How easy is it to track Group Policy changes using the event log?


Group Policy Objects contain the settings to control almost everything in Active Directory; including Sites, Domains, Organizational Units, Users, Groups, Computers and other objects. In large enterprises, multiple administrators manage objects centrally through the Group Policy Management Console (GPMC) from different computers in the domain. Often, users complain that their system settings have been changed without their knowledge.

Group Policy Auditing with Windows

Occasionally the IT team is responsible for these changes; however, it is possible that someone with the right to make changes in the Group Policy Management Console has altered settings for which there was no authorization. Changes in Group Policy Objects like these, that can often remain unknown to others, can create accountability issues. It is therefore very important to audit these changes to know who did what change, when and from which location

GPO Auditing is possible with Windows 2000 Server; however, it was always a bit noisy and did not provide granular levels of detail. In the latest versions of Windows Server, Microsoft introduced advanced auditing where users can granularly determine what to audit and what not to audit, thus creating a manageable number of logs.

Group Policy is used to perform numerous tasks; including configuring auditing and deciding what users can or cannot access. It is therefore necessary to monitor Group Policy changes. But how? Here, you will see the steps to enable Group Policy auditing in Active Directory.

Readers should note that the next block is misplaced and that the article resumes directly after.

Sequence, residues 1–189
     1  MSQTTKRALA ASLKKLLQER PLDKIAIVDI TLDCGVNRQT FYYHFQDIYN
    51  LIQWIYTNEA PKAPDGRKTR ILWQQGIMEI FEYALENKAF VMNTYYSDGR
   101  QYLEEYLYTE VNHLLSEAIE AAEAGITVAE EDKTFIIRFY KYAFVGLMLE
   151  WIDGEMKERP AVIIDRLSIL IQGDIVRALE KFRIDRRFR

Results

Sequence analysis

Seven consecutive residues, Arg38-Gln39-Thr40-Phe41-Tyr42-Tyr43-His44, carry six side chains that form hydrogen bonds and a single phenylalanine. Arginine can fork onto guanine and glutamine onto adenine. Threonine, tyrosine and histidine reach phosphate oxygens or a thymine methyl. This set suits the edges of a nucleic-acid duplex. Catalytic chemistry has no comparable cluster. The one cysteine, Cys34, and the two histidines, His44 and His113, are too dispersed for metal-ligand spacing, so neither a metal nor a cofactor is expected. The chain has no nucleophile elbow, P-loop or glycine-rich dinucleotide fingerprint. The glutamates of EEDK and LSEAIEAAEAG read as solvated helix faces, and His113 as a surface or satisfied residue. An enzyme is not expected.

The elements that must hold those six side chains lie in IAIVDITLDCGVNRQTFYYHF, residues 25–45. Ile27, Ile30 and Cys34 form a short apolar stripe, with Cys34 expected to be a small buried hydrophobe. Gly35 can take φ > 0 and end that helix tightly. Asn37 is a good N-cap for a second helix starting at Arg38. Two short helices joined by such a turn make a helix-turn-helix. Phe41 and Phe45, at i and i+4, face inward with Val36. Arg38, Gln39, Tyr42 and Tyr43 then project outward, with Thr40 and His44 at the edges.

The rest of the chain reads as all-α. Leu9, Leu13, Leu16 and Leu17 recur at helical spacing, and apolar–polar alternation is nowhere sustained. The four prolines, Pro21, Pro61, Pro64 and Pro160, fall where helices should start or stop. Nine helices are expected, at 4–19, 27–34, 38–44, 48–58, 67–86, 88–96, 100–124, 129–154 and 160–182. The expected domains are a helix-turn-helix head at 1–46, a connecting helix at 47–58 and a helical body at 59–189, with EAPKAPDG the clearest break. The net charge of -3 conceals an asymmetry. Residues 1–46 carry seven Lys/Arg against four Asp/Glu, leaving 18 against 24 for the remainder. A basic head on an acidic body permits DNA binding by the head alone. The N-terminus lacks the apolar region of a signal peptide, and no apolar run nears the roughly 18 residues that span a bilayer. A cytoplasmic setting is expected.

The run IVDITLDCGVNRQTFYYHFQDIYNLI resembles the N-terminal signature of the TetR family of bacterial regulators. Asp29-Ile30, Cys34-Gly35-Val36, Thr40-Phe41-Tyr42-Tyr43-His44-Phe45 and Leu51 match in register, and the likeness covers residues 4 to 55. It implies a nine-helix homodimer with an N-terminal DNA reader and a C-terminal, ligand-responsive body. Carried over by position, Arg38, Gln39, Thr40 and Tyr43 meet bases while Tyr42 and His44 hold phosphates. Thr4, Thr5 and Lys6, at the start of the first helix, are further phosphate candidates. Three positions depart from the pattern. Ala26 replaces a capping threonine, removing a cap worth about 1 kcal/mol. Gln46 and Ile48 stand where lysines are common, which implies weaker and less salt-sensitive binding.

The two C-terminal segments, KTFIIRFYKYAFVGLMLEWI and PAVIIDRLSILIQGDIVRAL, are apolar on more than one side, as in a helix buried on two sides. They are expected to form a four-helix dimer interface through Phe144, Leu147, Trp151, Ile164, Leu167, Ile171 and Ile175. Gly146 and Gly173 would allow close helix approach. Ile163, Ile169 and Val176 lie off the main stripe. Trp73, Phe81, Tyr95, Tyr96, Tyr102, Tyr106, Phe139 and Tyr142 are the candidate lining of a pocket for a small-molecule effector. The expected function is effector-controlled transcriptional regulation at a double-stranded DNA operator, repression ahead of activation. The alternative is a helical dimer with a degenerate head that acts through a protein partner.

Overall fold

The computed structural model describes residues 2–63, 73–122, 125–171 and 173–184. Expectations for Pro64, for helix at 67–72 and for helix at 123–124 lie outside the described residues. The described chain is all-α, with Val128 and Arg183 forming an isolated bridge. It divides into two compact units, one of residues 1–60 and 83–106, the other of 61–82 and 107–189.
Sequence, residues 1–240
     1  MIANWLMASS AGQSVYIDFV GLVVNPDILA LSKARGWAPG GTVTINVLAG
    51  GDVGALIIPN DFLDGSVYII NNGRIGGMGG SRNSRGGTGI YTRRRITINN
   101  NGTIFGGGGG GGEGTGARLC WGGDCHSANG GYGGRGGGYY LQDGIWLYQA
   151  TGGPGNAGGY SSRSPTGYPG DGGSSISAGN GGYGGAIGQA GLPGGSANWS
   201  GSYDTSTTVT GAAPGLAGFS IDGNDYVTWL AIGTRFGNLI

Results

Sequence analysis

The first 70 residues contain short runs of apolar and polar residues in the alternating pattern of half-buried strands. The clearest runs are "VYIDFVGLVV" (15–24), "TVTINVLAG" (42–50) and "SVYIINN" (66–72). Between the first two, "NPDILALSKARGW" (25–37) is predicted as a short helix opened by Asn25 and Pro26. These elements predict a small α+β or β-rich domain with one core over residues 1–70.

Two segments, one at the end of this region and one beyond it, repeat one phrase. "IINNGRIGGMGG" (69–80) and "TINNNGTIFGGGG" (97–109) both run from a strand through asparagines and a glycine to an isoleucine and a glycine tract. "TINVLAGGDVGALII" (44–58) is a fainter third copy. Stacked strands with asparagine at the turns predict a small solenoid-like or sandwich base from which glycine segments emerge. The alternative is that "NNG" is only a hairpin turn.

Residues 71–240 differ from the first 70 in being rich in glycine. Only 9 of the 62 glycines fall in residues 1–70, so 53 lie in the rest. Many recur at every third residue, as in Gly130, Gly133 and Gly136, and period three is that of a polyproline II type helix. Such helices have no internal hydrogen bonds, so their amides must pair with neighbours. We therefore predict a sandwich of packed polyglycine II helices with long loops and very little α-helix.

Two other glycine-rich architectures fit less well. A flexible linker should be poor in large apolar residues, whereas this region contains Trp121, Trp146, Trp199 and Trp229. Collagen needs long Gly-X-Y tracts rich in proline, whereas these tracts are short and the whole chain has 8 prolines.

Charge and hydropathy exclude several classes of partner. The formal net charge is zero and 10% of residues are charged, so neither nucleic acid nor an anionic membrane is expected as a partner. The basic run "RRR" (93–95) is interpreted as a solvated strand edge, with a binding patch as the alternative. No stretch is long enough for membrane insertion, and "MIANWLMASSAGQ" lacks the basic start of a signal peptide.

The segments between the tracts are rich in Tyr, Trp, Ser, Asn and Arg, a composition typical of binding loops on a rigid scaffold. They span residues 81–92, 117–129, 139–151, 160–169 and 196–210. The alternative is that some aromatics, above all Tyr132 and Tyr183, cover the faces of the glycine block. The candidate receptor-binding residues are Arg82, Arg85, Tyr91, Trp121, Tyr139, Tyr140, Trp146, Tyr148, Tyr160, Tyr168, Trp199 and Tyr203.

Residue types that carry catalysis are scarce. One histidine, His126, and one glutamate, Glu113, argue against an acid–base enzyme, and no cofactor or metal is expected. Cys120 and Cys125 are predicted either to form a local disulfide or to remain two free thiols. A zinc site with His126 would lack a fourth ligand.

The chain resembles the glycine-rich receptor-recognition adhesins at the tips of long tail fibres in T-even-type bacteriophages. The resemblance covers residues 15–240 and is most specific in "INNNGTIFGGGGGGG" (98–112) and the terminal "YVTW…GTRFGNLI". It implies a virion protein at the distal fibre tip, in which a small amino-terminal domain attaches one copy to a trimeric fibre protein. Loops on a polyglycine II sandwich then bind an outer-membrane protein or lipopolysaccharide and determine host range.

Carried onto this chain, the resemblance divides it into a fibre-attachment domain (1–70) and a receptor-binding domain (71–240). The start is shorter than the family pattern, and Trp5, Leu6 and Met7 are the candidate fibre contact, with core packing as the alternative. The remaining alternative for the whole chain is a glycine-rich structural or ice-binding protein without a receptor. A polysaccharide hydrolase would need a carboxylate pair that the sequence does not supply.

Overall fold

How to enable auditing of Group Policy Objects

A Group Policy Object is stored in two parts – Group Policy Templates (defines the GPO template) and Group Policy Containers (an object in Active Directory pointing to GPO template). Group Policy Templates are stored in %sysroot%SYSVOL folder. The auditing of SYSVOL folder, Group Policy Container Objects and DS Objects has to be enabled in order to enable the Group Policy Objects.

How to enable auditing of DS objects

Perform the following steps to enable auditing of Directory Service Objects:

  1. Launch Group Policy Management Console (GPMC) from the “Administrative Tools” in the “Start Menu”.

  2. Go to Forest -> Domains -> Domain Controllers.

  3. Right click “Default Domain Controllers Policy”, and click on “Edit” to access “Group Policy Management Editor” (GPMC Editor).

  4. The GPMC Editor window opens up, in the editor window navigate to “Computer Configuration” -> “Policies” -> “Windows Settings” -> “Security Settings” -> “Advanced Audit Policy Configuration” -> “Audit Policies”.

  5. Select “DS Access” in the Audit Policies. The following policies will be displayed in it.

I. Audit Directory Service Access

II. Audit Directory Service Changes

III. Audit Directory Service Replication

IV. Audit Detailed Directory Service Replication

  1. One by one, double-click these policies, and enable their auditing for both “Success and “Failure”.

  2. Do the same steps to enable the auditing of “Object Access” -> “Audit File System” in “Advanced Audit Policy Configuration”.

How to enable auditing of Group Policy Container Objects

Perform the following steps to enable auditing of Group Policy Container Objects:

  1. Launch the “ADSIEdit.msc”.